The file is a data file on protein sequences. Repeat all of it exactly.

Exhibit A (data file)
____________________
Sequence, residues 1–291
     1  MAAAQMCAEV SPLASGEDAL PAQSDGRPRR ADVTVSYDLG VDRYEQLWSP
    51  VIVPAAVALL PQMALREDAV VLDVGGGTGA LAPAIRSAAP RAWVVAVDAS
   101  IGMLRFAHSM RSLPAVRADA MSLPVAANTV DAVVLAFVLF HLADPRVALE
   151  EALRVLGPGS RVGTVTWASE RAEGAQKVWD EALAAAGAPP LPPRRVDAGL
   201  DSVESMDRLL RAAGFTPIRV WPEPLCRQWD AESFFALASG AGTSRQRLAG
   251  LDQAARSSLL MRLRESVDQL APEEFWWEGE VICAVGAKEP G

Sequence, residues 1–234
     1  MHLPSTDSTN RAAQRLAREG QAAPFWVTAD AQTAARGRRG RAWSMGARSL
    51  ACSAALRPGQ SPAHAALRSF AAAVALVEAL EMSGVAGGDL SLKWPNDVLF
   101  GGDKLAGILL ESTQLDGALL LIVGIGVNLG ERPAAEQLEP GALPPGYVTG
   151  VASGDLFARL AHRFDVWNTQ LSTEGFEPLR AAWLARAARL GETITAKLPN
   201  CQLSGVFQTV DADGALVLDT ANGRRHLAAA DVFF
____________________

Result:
Sequence, residues 1–291
     1  MAAAQMCAEV SPLASGEDAL PAQSDGRPRR ADVTVSYDLG VDRYEQLWSP
    51  VIVPAAVALL PQMALREDAV VLDVGGGTGA LAPAIRSAAP RAWVVAVDAS
   101  IGMLRFAHSM RSLPAVRADA MSLPVAANTV DAVVLAFVLF HLADPRVALE
   151  EALRVLGPGS RVGTVTWASE RAEGAQKVWD EALAAAGAPP LPPRRVDAGL
   201  DSVESMDRLL RAAGFTPIRV WPEPLCRQWD AESFFALASG AGTSRQRLAG
   251  LDQAARSSLL MRLRESVDQL APEEFWWEGE VICAVGAKEP G

Sequence, residues 1–234
     1  MHLPSTDSTN RAAQRLAREG QAAPFWVTAD AQTAARGRRG RAWSMGARSL
    51  ACSAALRPGQ SPAHAALRSF AAAVALVEAL EMSGVAGGDL SLKWPNDVLF
   101  GGDKLAGILL ESTQLDGALL LIVGIGVNLG ERPAAEQLEP GALPPGYVTG
   151  VASGDLFARL AHRFDVWNTQ LSTEGFEPLR AAWLARAARL GETITAKLPN
   201  CQLSGVFQTV DADGALVLDT ANGRRHLAAA DVFF